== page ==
Film Review: A Pigeon Sat on a Branch Reflecting on Existence


Directed by

  • Roy Anderrson


  • Holger Andersson
  • Nils Westblom
  • Viktor Gyllenberg

Release Year

  • 2014


  • PG-13

With a film that’s more a series of lusciously framed and often surreal vignettes than one concerned with any real kind of plot, it’s enticing to just chronicle these images one by one, to take stock and try to believe what was just seen.

Like, you see death by struggling to open a wine bottle, gone unnoticed by a cheery wife visible in the other room? Or you witness the life and times of two painfully awkward novelty salesmen trying to sell vampire teeth and laughing boxes? And what about the scene where Charles XII is flirting, all namby-pamby, in a present-day bar while his army marches by singing in the background?

Here’s the thing. When taking in Roy Andersson’s A Pigeon Sat on a Branch Reflecting on Existence, and you simply must, never ask the film “why?” Ask, “Why the hell not?” This will free you up to feel for this truly special film and become immersed in the imaginative, diverse visual pleasures of a deadpan Swedish bricolage about life’s silliest, yet most meaningful, moments. For a film that starts with the clear promise that it will be about “being a human being,” not only does Andersson make good, but he provokes, tickles, and even mystifies you with the very notion of humanity.

Andersson digs deep in his individualistic and absurd way and burns his stunning images onto the brain. Everything counts for something here, whether it’s clear or not. Pigeon isn’t arbitrarily presenting a giggling baby; it’s hypothesizing about the smaller joys in life. And like life, this is a film that becomes more complicated, challenging, and rewarding as it progresses. It just keeps getting better. Andersson’s film runs the spectrum of human portraiture.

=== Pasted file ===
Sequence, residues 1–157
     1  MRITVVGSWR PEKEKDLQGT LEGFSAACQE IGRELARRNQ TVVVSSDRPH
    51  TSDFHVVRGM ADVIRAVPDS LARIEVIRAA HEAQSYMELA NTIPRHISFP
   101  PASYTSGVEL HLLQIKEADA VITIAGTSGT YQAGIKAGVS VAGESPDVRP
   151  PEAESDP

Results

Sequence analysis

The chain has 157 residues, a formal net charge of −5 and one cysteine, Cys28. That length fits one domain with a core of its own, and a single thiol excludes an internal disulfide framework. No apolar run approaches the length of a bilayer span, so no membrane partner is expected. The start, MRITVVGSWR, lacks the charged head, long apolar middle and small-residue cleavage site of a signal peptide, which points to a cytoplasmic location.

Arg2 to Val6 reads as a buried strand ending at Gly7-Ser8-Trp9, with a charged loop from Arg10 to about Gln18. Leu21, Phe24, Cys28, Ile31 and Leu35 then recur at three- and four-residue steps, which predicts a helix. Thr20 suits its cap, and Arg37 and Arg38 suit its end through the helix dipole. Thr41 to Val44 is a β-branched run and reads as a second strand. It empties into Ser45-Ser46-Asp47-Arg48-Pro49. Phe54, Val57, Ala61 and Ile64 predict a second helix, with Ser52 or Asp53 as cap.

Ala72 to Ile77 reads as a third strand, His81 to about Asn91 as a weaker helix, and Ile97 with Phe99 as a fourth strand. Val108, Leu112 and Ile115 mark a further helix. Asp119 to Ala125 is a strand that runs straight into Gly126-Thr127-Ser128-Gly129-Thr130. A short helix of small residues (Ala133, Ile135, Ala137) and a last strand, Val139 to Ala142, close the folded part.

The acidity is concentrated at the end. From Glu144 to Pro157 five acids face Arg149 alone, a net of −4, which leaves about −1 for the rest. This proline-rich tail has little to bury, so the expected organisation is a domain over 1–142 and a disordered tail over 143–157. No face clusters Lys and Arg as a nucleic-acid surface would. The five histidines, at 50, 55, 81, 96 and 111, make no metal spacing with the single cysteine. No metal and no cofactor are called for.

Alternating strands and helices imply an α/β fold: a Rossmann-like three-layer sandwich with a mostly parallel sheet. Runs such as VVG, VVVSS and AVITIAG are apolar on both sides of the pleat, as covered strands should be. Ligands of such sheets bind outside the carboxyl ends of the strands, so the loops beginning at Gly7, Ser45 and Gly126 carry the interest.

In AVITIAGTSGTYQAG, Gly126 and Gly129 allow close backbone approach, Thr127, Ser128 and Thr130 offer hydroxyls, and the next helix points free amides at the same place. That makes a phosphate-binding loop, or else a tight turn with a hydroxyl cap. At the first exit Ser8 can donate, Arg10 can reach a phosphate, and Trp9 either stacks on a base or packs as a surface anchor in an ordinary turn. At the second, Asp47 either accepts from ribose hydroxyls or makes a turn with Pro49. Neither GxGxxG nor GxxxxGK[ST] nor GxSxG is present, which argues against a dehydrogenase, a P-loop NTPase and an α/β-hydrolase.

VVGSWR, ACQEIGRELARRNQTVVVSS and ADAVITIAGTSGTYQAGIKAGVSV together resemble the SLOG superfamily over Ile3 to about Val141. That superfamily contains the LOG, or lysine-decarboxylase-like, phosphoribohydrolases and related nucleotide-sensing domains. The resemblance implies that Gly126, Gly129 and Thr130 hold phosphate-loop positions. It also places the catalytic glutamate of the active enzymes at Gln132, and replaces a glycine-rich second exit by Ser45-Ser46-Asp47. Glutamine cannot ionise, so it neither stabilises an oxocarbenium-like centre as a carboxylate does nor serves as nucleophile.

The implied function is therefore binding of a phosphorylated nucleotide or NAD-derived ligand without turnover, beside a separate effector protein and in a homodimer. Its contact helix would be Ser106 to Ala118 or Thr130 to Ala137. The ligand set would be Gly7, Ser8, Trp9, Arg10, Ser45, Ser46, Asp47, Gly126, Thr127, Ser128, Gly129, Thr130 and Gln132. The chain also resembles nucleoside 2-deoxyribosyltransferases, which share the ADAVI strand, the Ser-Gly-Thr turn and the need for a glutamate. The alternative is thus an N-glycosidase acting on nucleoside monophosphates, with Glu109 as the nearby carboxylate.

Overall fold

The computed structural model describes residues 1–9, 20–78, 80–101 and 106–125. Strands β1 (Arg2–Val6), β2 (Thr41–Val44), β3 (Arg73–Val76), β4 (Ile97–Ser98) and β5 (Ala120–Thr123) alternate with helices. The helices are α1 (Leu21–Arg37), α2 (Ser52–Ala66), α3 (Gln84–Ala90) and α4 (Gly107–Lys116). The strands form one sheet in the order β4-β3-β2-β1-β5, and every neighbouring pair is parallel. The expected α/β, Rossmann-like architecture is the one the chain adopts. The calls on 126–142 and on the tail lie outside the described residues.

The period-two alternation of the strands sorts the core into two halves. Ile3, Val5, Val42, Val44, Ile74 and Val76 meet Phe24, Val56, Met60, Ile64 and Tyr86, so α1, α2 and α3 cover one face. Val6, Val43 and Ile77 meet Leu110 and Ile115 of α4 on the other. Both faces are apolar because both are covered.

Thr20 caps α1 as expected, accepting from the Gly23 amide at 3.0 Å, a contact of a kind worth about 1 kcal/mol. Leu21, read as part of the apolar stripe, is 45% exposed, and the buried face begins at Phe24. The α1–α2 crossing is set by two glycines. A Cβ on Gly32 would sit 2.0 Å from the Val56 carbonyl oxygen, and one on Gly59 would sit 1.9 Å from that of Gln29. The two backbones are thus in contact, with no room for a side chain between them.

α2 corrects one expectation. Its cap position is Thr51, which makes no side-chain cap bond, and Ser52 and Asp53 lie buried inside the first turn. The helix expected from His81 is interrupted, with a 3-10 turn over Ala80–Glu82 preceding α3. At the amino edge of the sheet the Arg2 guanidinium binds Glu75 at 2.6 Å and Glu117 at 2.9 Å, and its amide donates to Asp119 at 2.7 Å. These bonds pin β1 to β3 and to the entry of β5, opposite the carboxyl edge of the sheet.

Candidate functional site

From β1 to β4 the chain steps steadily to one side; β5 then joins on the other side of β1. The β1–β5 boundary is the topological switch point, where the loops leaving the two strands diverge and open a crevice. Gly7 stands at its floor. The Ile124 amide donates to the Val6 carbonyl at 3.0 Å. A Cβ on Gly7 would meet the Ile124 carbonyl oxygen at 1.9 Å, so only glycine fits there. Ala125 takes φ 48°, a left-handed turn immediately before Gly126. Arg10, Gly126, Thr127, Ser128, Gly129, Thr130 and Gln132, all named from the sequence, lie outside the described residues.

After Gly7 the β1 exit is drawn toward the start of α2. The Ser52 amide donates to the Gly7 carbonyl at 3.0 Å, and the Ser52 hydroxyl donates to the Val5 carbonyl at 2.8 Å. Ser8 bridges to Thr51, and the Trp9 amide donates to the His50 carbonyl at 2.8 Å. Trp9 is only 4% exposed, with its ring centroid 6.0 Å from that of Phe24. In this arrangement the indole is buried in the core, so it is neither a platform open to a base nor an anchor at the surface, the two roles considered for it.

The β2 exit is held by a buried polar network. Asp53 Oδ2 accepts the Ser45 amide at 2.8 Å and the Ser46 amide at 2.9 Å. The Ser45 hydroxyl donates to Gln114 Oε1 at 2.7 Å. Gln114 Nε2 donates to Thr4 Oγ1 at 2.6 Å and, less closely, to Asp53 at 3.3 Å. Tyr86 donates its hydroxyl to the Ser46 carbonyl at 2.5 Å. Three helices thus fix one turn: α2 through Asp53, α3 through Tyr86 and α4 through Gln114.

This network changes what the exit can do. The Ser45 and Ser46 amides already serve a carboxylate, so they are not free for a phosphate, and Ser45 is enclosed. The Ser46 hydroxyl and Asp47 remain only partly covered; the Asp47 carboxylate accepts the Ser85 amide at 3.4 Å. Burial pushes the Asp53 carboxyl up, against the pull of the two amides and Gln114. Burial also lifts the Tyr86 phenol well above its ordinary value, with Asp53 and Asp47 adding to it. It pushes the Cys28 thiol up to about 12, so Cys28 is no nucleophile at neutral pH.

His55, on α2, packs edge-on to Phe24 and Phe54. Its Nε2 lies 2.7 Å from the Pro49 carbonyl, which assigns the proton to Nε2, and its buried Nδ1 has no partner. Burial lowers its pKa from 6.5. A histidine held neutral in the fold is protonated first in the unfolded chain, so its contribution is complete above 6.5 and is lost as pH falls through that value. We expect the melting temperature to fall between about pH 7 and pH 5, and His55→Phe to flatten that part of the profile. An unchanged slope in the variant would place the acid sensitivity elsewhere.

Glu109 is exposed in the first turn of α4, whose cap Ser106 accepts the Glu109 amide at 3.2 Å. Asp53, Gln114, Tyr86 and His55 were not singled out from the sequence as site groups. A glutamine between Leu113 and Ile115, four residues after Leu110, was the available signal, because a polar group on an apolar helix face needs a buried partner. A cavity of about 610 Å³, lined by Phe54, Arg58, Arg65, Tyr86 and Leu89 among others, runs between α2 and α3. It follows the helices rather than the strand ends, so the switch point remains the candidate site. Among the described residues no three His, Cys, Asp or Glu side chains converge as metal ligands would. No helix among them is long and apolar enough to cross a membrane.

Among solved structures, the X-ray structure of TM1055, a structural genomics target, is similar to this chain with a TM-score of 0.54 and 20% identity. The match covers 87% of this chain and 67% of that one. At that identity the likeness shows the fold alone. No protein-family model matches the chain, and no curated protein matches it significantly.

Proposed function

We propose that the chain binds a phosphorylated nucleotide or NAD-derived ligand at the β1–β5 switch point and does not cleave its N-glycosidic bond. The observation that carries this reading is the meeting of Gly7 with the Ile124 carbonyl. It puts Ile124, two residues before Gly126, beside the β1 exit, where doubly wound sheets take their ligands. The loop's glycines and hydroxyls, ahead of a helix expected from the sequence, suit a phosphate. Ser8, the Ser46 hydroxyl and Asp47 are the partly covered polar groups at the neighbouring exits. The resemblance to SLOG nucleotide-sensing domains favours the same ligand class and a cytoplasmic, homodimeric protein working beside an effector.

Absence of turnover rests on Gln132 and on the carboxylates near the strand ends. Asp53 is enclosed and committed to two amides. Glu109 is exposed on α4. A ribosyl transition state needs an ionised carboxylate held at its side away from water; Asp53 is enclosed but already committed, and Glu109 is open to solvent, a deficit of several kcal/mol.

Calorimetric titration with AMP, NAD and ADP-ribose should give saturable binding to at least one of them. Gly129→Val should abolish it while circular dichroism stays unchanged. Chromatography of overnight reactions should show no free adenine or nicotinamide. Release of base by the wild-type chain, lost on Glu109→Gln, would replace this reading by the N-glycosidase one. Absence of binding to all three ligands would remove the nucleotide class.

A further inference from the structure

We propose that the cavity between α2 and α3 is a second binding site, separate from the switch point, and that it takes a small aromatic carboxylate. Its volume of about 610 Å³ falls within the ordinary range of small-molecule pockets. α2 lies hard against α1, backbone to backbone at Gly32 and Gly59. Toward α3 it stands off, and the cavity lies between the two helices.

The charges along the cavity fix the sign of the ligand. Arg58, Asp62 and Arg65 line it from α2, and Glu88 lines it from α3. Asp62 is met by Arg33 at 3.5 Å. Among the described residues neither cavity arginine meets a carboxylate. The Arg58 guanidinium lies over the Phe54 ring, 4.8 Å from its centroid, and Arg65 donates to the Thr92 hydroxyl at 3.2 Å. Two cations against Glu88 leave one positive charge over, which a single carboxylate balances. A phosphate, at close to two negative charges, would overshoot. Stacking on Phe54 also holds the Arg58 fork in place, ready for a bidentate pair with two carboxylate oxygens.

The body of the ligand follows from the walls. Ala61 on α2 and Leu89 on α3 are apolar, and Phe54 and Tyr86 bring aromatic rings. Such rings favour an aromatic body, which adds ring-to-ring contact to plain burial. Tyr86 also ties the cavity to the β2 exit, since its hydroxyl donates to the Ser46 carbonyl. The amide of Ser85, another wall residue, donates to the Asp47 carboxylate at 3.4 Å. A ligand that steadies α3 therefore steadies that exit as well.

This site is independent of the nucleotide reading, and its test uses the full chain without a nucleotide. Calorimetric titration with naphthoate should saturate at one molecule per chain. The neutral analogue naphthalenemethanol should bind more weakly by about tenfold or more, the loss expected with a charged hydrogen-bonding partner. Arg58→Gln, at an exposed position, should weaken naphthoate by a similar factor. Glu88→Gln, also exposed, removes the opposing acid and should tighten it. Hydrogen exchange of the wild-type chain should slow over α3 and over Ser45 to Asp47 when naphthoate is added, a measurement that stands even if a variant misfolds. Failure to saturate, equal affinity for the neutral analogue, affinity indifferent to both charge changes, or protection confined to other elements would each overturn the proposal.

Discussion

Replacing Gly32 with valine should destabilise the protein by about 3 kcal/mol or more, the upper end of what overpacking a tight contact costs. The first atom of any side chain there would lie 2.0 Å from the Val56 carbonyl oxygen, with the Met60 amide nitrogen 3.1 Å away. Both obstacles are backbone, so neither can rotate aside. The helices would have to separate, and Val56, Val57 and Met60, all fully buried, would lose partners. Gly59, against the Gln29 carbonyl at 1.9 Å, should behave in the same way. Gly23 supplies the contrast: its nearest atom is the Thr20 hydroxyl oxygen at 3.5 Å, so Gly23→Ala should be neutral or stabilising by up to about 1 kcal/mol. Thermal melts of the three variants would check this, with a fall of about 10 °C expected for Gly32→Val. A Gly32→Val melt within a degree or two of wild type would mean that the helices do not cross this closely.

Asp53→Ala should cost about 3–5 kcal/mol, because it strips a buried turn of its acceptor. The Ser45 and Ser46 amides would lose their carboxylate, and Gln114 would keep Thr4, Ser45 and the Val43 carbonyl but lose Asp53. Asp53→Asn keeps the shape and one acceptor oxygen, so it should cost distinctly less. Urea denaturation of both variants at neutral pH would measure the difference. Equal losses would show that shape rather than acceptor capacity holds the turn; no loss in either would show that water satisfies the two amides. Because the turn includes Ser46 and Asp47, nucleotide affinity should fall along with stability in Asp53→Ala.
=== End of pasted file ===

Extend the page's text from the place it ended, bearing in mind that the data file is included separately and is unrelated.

Through a series of pristinely structured, intensely deep long takes, Andersson sews together a series of loosely connected, bone-dry moments that reflect and comment on human nature. Imagine the absurdist wit of Monty Python with the formal tendencies of a Far Side comic, as Andersson stages two dozen long takes of hyper-realistic aesthetics and non-sequiturs.

We see the inside of a dance class, as young students dance and sweat, and an amorous instructor sexually, strangely caresses a younger man at the front of the class for all to see.

Three middle-aged children hastily argue over their dying mother while she lays in bed holding a bag of rare family jewels that she wants to bring to Heaven.

A recital hall filled with mentally challenged children unlocks a moment of stunning sympathy and clarity as a young girl recites a succinct and beautiful poem about pigeons and an existential crisis over money.

And yet, none of this recounting does justice to the film’s many splendors. The phrase “must-see” is so relevant here, as Andersson constructs the film with total commitment, total confidence in the odd subject matter, and allows for any reading to become a sort of high-minded “choose your own adventure.” The theme: life is ridiculous. On a purely cinematic and visual level, Pigeon is something remarkable, but amidst its cruel visions or touching little moments, it becomes the kind of movie that captures the wonderful absurdities of life. A Pigeon Sat on a Branch Reflecting on Existence may ask the smartest question about the mundane curiosities of life: When does it ever make sense? Roy Andersson seems certain that life doesn’t, and he’s made the loveliest, loopiest statement to that effect.


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